The 2020 US election – what’s at stake?

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According to polling aggregation experts FiveThirtyEight.com, democrat Joe Biden is favoured to win the 2020 presidential race. The firm simulated the election 40,000 times to see who wins most often. Looking at a sample of 100 outcomes, the democrat wins 80 out of 100 times, while the current incumbent, President Trump only wins 20 out of 100 times.

Lawrence Hatheway, co-founder of Jackson Hole Economics, a US-based research company that analyses global economics, politics, the environment and finance, says that Biden is not Barack Obama, and that’s a good thing. “What Biden lacks in soaring oratorial skills, he makes up for in the fact that Americans know him and believe that he is inherently decent – a man of integrity.”

What America wants now, Hatheway says, is a centrist, and that is what Biden is, despite the Republican campaign’s assertion that he has been ‘captured’ by the ‘radical left’. Hatheway will be addressing South Africans next week as the first speaker in a new series of PSG’s Think Big webinars.

He says that this year’s election is not just about who becomes President. “The 2020 election is not so much a contest between candidates Trump and Biden as it is between demagoguery and democracy, lies and honesty, insensitivity and empathy, coarseness and civility, lawlessness and law, idolatry and respect, authoritarianism and liberalism, today and tomorrow, sickness and health.”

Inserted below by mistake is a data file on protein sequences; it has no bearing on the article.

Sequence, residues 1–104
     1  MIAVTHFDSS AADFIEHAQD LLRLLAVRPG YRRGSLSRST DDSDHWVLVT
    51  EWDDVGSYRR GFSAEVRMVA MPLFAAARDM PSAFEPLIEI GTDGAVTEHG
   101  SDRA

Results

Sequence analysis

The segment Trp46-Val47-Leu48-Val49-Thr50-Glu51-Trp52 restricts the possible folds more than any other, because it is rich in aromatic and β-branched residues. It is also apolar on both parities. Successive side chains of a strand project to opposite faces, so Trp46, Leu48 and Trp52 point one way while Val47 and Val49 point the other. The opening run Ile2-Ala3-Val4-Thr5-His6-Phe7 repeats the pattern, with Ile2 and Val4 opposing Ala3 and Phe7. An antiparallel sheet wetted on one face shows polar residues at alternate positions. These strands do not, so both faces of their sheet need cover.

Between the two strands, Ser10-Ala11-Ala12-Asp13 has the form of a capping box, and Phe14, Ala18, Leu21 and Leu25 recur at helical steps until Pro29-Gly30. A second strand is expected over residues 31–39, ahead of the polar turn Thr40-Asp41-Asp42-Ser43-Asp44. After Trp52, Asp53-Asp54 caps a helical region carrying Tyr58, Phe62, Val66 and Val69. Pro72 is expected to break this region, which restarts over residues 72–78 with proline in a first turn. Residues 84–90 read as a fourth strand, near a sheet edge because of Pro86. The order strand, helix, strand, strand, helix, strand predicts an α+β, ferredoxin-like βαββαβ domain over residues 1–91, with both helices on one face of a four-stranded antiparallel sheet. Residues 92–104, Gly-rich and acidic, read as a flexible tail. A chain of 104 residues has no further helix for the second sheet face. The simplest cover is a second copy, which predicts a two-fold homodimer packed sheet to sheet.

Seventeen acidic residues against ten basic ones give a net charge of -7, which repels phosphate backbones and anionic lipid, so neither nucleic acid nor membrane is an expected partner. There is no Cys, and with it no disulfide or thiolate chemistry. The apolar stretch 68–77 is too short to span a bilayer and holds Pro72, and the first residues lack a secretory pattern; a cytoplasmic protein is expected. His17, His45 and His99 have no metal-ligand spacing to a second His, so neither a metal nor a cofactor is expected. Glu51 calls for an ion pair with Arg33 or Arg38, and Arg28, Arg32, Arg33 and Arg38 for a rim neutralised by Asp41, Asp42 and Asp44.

All US elections have implications for global economies, markets and social and environmental issues. The 2020 election, however, is being called ‘historic’ and ‘unparalleled’ by various international commentators as it represents a clash of two, increasingly polarised world views, and could even have implications for the global balance of power.

Americans seem to be extremely energised this time around and ready to make their voices heard by casting their ballots. Providing, of course, the Covid-19 pandemic doesn’t keep them away from the polls. With over 7.4 million cases and over 210,000 deaths, many Americans are showing support for mail in ballots.

However, President Trump and his campaign for re-election are crusading against universal mail-in voting, claiming a high risk of fraud, and sending out veiled threats to challenge the election results.

This election is also about electing a new government. All 435 seats in congress are up for grabs, as are 35 seats in the senate. Depending on how those races turn out, the balance of power in the American government could change dramatically.

And last week, President Trump was diagnosed Covid-19 positive, along with many others who attended a function to introduce the new supreme court nominee, Amy Coney Barrett. This threw a wild card into the campaign pack, as did the New York Times front page feature exposing the frailty of Trump’s finances and calling into question his carefully managed image as a highly successful businessman. What might happen next between now and November third?

“It’s certainly been an eventful year, and it’s not over yet, but by bringing an analyst of Hatheway’s calibre to South African investors, we’re hoping to provide some fresh insights,” says Adriaan Pask Chief Investment Officer for PSG Wealth and host to this particular webinar. “The outcome of the election will impact America’s fiscal, trade, regulatory and monetary policies which, in turn, will impact South Africa.”

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